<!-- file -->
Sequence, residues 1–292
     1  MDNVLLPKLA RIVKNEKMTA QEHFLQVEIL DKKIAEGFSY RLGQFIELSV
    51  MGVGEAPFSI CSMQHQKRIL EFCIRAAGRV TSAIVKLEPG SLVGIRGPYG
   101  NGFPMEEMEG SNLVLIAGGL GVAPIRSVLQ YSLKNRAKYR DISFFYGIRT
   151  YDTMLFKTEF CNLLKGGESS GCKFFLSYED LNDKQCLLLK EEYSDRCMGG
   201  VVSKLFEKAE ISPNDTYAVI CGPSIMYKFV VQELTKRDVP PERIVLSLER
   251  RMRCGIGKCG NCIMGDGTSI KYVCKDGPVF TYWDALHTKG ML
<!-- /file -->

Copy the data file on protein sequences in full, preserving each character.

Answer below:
Sequence, residues 1–292
     1  MDNVLLPKLA RIVKNEKMTA QEHFLQVEIL DKKIAEGFSY RLGQFIELSV
    51  MGVGEAPFSI CSMQHQKRIL EFCIRAAGRV TSAIVKLEPG SLVGIRGPYG
   101  NGFPMEEMEG SNLVLIAGGL GVAPIRSVLQ YSLKNRAKYR DISFFYGIRT
   151  YDTMLFKTEF CNLLKGGESS GCKFFLSYED LNDKQCLLLK EEYSDRCMGG
   201  VVSKLFEKAE ISPNDTYAVI CGPSIMYKFV VQELTKRDVP PERIVLSLER
   251  RMRCGIGKCG NCIMGDGTSI KYVCKDGPVF TYWDALHTKG ML